Evaluating my season

For three of the first six Elite Series events, I was fortunate enough to lead the Angler of the Year points standings. After a tough event at the Sabine River, I slipped to second. After taking some time to reflect on the first 2/3 of the season, I see a few points worth sharing.

Just being in second place now won’t impact my mindset or my game plans going forward. However, when I had a large lead going into the Sabine, I probably practiced a little on the safe side.

I didn’t want to make a big run and, even though it worked out for a lot of people it didn’t work out for me. I guess, when you have a big buffer, it makes a difference; but when the standings are tight, it really doesn’t.

Basically, it’s good to be high in the points, but when you feel like you have something to lose, it can affect your decision making.

The other consideration here is that the Elite season will conclude with three northern events. I’ll admit, I feel more comfortable in southern fisheries than northern waters, so even though I would have liked to go up north leading AOY with a buffer, I’m actually in a pretty position.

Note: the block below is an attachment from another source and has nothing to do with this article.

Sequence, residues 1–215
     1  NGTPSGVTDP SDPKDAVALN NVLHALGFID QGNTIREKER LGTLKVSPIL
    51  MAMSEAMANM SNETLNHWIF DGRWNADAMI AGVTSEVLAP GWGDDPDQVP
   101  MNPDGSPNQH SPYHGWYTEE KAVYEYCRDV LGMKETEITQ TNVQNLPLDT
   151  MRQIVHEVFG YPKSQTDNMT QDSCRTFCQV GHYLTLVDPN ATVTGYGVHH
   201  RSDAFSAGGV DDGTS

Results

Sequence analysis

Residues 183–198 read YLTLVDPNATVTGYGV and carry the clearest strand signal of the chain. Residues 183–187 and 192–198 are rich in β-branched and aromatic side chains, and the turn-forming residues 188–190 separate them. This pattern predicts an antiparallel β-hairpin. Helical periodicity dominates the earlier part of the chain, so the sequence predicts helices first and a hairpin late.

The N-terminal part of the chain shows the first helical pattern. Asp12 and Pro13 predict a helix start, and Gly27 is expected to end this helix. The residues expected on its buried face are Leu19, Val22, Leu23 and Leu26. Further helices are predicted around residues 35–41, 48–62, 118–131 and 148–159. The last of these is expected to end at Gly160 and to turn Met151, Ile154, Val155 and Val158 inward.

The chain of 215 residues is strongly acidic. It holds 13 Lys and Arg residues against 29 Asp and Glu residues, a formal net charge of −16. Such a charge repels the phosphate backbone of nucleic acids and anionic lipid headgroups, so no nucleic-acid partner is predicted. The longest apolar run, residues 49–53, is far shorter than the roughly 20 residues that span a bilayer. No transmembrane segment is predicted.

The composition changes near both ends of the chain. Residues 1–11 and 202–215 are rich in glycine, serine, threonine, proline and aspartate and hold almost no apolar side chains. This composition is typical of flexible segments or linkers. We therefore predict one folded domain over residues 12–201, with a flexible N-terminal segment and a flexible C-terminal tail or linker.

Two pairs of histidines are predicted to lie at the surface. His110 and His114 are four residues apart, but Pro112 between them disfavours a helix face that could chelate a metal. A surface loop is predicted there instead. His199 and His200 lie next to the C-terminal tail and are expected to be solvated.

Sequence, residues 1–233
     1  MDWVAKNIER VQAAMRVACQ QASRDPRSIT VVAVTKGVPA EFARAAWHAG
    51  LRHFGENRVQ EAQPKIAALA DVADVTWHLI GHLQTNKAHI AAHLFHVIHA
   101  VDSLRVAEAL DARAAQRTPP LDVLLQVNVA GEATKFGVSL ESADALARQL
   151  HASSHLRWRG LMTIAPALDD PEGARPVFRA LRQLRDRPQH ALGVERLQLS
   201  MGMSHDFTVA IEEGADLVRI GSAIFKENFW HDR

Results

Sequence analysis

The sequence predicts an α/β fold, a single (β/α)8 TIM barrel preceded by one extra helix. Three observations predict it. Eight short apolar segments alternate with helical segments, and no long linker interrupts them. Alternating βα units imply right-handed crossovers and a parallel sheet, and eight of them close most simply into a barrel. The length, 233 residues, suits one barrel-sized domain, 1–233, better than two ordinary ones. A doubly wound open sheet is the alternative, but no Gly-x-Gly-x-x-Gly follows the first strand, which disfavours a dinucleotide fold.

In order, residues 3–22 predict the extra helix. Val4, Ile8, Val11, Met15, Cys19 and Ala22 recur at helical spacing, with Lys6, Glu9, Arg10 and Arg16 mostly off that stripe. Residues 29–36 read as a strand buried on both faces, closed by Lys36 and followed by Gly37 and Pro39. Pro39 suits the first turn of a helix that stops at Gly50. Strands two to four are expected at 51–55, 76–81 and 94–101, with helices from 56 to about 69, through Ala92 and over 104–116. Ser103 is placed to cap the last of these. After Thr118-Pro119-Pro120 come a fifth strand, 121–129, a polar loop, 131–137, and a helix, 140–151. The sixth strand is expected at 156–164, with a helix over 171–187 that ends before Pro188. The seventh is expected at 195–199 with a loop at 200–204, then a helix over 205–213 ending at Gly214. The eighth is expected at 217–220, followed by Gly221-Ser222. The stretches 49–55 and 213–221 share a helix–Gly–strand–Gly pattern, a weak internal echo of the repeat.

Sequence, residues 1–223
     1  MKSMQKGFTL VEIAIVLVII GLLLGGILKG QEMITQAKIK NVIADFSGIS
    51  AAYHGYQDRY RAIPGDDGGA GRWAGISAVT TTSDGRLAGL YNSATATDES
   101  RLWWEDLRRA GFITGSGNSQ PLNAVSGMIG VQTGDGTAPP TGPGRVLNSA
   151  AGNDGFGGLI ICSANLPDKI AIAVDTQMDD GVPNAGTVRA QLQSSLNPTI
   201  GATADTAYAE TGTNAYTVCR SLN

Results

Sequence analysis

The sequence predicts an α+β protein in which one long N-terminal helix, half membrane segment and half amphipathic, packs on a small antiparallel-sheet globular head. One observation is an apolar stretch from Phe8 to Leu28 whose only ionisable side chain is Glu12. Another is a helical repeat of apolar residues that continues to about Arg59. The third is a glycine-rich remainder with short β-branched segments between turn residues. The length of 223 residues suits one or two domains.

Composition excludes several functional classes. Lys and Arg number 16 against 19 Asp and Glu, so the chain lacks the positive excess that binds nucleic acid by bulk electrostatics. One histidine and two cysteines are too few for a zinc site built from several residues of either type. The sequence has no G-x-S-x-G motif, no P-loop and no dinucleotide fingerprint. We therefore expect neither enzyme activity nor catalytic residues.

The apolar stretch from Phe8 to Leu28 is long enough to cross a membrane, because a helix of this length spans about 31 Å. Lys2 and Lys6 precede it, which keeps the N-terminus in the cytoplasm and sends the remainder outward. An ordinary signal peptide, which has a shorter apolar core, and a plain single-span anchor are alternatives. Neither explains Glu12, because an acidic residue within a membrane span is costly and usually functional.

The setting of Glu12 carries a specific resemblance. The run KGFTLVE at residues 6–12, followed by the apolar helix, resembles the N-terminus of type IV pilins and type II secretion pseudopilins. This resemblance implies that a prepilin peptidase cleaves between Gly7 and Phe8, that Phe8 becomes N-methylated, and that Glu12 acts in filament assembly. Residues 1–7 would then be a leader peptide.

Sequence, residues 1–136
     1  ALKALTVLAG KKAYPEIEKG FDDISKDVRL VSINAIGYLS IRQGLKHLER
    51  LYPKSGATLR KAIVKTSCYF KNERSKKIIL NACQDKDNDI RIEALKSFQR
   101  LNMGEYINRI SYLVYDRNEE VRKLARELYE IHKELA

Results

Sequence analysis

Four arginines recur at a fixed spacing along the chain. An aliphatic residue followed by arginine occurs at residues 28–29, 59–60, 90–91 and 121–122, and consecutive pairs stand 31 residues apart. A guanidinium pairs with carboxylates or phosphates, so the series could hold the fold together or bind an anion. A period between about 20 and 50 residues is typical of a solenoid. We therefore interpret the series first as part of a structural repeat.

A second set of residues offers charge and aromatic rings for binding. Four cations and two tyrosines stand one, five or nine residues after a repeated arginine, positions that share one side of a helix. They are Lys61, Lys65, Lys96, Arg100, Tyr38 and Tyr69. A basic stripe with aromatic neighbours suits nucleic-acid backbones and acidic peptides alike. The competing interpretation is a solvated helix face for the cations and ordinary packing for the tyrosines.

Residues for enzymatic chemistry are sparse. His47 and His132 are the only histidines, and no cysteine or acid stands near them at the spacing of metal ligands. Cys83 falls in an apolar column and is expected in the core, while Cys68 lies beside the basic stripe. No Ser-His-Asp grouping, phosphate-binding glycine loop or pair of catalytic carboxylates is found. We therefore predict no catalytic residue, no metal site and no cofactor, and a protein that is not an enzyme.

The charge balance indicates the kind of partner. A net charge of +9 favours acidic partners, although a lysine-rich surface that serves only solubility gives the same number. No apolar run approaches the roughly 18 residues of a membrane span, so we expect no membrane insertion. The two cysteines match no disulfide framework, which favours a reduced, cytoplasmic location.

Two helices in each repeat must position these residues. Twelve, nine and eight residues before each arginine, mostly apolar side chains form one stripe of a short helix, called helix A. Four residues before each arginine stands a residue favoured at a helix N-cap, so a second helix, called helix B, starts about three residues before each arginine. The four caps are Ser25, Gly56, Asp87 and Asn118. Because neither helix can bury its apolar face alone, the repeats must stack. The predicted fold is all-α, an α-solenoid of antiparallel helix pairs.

I’m not disappointed with being in second when it’s a tight race, because leading adds a lot more eyes on you and a lot more pressure with a camera on Day 1 and a lot of spectator boats. Those things are nice to an extent, but they add more challenges that you don’t have to deal with when you’re not leading.

It’s not that you don’t want publicity and attention, but it makes for a more challenging scenario, especially on waters I’m not really confident in. I’ve done okay at Lake St. Clair and Lake Champlain, but the St. Lawrence River and Lake Ontario have always been more difficult for me.

It’s not that I’m not confident with the forward facing sonar techniques that tend to dominate that event; I can do it, but that’s not my favorite thing to do.

I know people catch them shallow up there, but I tend to find myself fishing the bank for largemouth for an hour, then I’m like, “What am I doing?” and I go back out, then I move back to the bank again and I’m like, “What am I doing?”

What goes through your head at the St. Lawrence is the weights have varied so much year to year on what it takes to do well. If could be anywhere from 16 1/2 pounds a day to get a check, up to nearly 20 a day last year.

You could fish for largemouth and do okay, but it’s just so hard to know what you need up there. I’ll have to do some online research and combine that with how big the smallmouth seem the first day of practice.

As far as the AOY race, I think at this point in the year and earlier, it doesn’t change your game plan at all. But toward the end of the year, it could impact your strategy more if you had a big points lead; or if you needed to gain a lot of points and winning was the only way to do that.

In either case, it might be worth it to take risks. Or vice versa, if you have a 50-point buffer to win AOY, then you just need to get a check, so you may not want to take any risks.